"[A lot] of the good that religion does in the world goes unreported—not because people are prejudiced against religion, but that’s just the nature of reporting the news. You don't say, “Once again today, a religious aid worker saved someone's life.” That just doesn't make the paper. Religion is more complex and does much more good than people assume. Every single study in America shows that people who are part of religious communities participate in civic life more, give more money not only to religious charities but to secular charities, are more likely to help someone who's homeless, and more likely to help someone who's destitute. Religion does an enormous amount of good. Even though there are certainly egregious counterexamples, they are more flashy than persuasive."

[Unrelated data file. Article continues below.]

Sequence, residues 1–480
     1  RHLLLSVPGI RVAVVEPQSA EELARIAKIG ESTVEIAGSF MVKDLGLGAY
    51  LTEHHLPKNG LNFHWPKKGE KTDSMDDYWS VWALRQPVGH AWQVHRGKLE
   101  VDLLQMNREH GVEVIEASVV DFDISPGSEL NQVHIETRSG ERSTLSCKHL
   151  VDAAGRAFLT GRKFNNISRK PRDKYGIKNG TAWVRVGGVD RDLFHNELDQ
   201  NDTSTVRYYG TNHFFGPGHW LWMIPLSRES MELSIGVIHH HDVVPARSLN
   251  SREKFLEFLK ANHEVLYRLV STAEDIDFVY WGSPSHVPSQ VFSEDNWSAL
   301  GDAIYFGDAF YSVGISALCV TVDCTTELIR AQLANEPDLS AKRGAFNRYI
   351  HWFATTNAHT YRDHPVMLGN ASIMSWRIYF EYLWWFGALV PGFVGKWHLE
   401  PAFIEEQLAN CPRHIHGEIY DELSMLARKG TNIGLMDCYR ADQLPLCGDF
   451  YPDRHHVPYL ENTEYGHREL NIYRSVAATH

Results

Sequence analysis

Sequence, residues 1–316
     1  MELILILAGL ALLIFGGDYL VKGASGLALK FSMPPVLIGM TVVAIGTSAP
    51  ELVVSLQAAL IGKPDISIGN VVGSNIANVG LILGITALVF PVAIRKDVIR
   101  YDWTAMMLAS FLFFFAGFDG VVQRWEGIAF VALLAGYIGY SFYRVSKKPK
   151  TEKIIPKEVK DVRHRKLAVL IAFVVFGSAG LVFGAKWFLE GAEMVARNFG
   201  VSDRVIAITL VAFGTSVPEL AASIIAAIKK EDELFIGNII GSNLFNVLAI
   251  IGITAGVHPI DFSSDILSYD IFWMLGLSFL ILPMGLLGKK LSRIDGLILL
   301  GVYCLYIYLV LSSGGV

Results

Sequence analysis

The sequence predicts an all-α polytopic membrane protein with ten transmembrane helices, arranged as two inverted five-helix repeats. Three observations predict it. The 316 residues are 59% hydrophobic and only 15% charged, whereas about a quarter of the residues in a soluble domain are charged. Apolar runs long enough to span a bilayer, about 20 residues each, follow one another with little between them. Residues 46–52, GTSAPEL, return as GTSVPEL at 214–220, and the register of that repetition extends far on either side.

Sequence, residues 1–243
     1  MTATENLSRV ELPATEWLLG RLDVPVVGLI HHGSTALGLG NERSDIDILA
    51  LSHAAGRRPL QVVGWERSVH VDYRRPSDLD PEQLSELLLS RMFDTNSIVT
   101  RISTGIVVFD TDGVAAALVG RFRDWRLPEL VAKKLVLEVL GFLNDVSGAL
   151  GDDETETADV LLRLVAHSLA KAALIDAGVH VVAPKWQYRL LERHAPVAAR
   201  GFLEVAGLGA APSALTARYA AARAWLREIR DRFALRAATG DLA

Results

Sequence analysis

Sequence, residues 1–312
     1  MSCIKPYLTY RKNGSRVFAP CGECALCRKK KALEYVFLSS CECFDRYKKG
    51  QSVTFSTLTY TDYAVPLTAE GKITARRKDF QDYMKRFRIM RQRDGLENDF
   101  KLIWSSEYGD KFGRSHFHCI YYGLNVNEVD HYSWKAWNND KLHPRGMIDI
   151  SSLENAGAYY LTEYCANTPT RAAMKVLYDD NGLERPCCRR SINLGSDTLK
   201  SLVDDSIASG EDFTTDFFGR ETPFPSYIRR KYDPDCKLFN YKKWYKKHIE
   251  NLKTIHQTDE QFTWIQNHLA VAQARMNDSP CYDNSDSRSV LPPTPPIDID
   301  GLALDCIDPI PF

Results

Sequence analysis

It is so easy to be cynical about what religion does. It can be divisive, deluding, depressing. But as the good rabbi says earlier in this interview, it's not "religion that makes people do bad things . . . it’s being people that largely makes people do bad things." All the more reason for religion to focus on what God is doing, even though it's hard for us to see, than on what we're doing, or how we're doing it, or how we're describing it. And when we try to tell what God is doing, we need to do so modestly, because any one story of ours is only a small part of God's story.